Monolith to microservices. Infrastructure point of view


    I'd like to share my story about migration monolith application into microservices. Please, keep in mind that it was during 2012 — 2014. It is transcription of my presentation at dotnetconf(RU). I'm going to share a story about changing every part of the infrastructure.


    Project description


    project description


    The main project idea was to crawl articles from the internet, analyze it, save & create user feed. On one hand, our infrastructure had to be reliable, but on the other hand, we were on a budget. As a result, we agreed that:


    • System performance degradation is allowed.
    • Some parts of our infrastructure might be down for 30 min.
    • In case of disaster, downtime might be some days.

    Crawlers


    Crawlers


    It was a simple part of the infrastructure. Crawlers should download, analyze & save. The first one implementation was a single crawler, however, the world was changing & a lot of different crawlers appeared. Crawlers were communicating with each other by MsSQL.


    Downtime wasn't a problem for crawlers, so it was really easy to scale them:


    • Automate provision.
    • Add business metrics.
    • Collect errors.

    MsSQL


    MsSQL


    Our database was about 1TB.


    MsSQL cluster


    There were different ways how to create a cluster:


    1. SQL mirroring.
    2. Windows failover cluster — it wasn't a case because there was no san/Nas.
    3. AlwaysOn — it was completely new for us and there was no expertise in it, so, it wasn't a case for us.

    As a result, we decided to use the 1st. I'd like to notice that we didn't use witness because of async mode, so we created scripts for auto switch master -> slave & manual slave -> master.


    MsSQL perfomance


    MsSQL


    The clock was ticking, a performance was degrading, we were searching bottlenecks. Sometimes, it wasn't easy, i.e. were optimizing SQL queries by disk io, when, we found that the performance was low because of lack of RAM. However it was not enough, as a temporary solution, we migrated from HDD to SSD. On one hand, it increased the performance dramatically, but on the other hand, it wasn't a long-term solution.


    Message Queue


    Message Queue


    Our application had been migrated to a message queue. We were writing only results in the database. As a result, we reduced database load. But we faced a problem: how to organize a message queue cluster? At the first, we created a cold standby.


    WEB


    WEB


    A web part consisted of two parts: static content & user dynamic content.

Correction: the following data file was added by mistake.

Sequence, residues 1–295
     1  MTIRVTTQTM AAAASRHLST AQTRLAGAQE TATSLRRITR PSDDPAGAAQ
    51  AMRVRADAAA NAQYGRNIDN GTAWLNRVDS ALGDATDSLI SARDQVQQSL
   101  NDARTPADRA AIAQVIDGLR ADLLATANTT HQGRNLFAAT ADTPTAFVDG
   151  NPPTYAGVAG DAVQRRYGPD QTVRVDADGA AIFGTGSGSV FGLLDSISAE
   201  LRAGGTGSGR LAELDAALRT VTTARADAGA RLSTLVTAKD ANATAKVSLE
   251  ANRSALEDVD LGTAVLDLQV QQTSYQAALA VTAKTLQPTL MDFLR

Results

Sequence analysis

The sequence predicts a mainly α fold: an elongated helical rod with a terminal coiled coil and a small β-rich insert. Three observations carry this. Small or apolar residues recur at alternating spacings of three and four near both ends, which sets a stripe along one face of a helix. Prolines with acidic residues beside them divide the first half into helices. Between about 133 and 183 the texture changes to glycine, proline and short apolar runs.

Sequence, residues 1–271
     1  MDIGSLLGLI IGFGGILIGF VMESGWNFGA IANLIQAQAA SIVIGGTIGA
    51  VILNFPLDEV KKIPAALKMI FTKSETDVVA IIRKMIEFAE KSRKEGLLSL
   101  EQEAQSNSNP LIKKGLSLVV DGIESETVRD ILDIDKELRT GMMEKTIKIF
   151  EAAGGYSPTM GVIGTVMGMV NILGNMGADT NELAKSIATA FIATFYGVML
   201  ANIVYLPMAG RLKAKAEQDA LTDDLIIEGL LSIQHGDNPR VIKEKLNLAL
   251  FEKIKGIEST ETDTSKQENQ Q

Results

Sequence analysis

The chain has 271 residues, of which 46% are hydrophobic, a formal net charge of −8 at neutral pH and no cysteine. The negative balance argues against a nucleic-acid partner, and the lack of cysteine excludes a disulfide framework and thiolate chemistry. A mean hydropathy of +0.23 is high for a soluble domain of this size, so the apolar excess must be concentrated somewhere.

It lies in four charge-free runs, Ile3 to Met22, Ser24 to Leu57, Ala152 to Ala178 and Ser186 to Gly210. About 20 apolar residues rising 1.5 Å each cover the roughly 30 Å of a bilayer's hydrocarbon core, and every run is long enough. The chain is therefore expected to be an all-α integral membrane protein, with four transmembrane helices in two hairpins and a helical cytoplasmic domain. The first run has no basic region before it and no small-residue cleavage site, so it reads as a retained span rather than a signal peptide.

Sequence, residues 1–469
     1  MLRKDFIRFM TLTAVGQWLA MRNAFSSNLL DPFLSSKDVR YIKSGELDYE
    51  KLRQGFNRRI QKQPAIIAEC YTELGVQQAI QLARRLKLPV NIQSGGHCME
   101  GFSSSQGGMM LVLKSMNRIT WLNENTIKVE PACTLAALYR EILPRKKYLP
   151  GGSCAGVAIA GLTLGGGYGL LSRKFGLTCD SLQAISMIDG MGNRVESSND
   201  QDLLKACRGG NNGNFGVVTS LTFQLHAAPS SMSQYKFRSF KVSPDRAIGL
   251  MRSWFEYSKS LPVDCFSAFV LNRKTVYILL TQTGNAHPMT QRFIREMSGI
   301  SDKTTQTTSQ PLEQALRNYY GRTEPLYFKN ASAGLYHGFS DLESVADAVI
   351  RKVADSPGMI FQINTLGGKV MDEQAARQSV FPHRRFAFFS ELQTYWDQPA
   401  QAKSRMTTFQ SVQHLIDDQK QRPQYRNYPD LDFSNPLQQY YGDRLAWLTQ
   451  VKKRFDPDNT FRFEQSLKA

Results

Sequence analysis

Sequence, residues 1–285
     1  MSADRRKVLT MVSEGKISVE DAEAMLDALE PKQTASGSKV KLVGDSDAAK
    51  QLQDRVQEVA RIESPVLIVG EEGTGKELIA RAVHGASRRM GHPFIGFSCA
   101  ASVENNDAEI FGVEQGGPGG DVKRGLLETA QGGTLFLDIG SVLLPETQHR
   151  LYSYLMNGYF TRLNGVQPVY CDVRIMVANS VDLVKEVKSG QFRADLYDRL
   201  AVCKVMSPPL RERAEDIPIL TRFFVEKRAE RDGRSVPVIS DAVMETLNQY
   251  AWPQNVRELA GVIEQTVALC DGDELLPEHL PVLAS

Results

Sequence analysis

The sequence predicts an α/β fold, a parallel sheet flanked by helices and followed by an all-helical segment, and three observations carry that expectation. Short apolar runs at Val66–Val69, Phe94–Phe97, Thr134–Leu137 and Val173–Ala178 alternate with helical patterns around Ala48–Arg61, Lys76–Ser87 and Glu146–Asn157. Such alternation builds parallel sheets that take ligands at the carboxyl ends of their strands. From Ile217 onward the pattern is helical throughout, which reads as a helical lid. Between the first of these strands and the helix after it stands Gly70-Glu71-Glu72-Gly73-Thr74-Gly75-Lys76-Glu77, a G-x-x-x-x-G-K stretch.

WEB static


    WEB static


    WEB static part of the infrastructure was about 2TB, it had to:


    • Store images.
    • Convert images.
    • Crawl origin image & crop if needed.

    WEB static


    There were 2 major issues: how to sync files & how to create a web cluster. There were some ways how to sync files: buy a storage, use DFS & save files at each server. It was tough decision, however, we decided to choose the 3rd way. For the web cluster, we decided to use NLB & CDN.


    WEB Balancer


    WEB Balancer


    It's not a really good idea to use a single server for a high-load project, you have to balance traffic somehow. There were 4 ways in our case:


    1. Hardware balancer — it was too expensive for us.
    2. IIS & ARR — it was too complicated to support.
    3. Nginx — it was good enough, however, we faced some issues with health checks.
    4. Haproxy — it was a solution with one the smallest overhead.

    haproxy
    We chose the 4th way. We were balancing haproxy by DNS round robin & users by cookie.


    MongoDB


    MongoDB


    A few months later, we faced that SQL performance was not good enough again. It was a sophisticated issue, however, after long conversations we decided to choose Availability & Partition tolerance from CAP theorem. As a result, we implemented a MongoDB cluster(sharding & replica). There was an interesting experience: how to create MongoDB backup, how to upgrade & a lot of MongoDB bugs.


    Backups & monitoring


    We implemented the 3-2-1 rule:


    • At least 3 copy.
    • At least 2 different storage types.
    • At least 1 copy must be stored somewhere outside.

    Also, we created & tested disaster recovery plan. You can read about monitoring here.


    Applications updates


    Infrastructure


    As you can see, the infrastructure wasn't as easy as pie. We had to update it somehow. Casual update looked like:


    1. Do some preparation.
    2. Ran migration.
    3. Update web applications.
    4. Update backend applications.

    All logical steps were identical for staging/preprod/productions environments, however, it was slightly different at details. So, we created PowerShell scripts with OOP magic. It was a continuous process of improving our CI/CD infrastructure.


    Conclusion


    2012 2014
    Servers 3 60
    RAM GB 72 800
    SSD GB 200 10000
    MsSQL GB 150 700
    MongoDB GB 0 700
    Articles per day 10000 150000

    It was an amazing story about moving 3 desktop PC into reliable infrastructure. Be patient & do plans.


    P.S.


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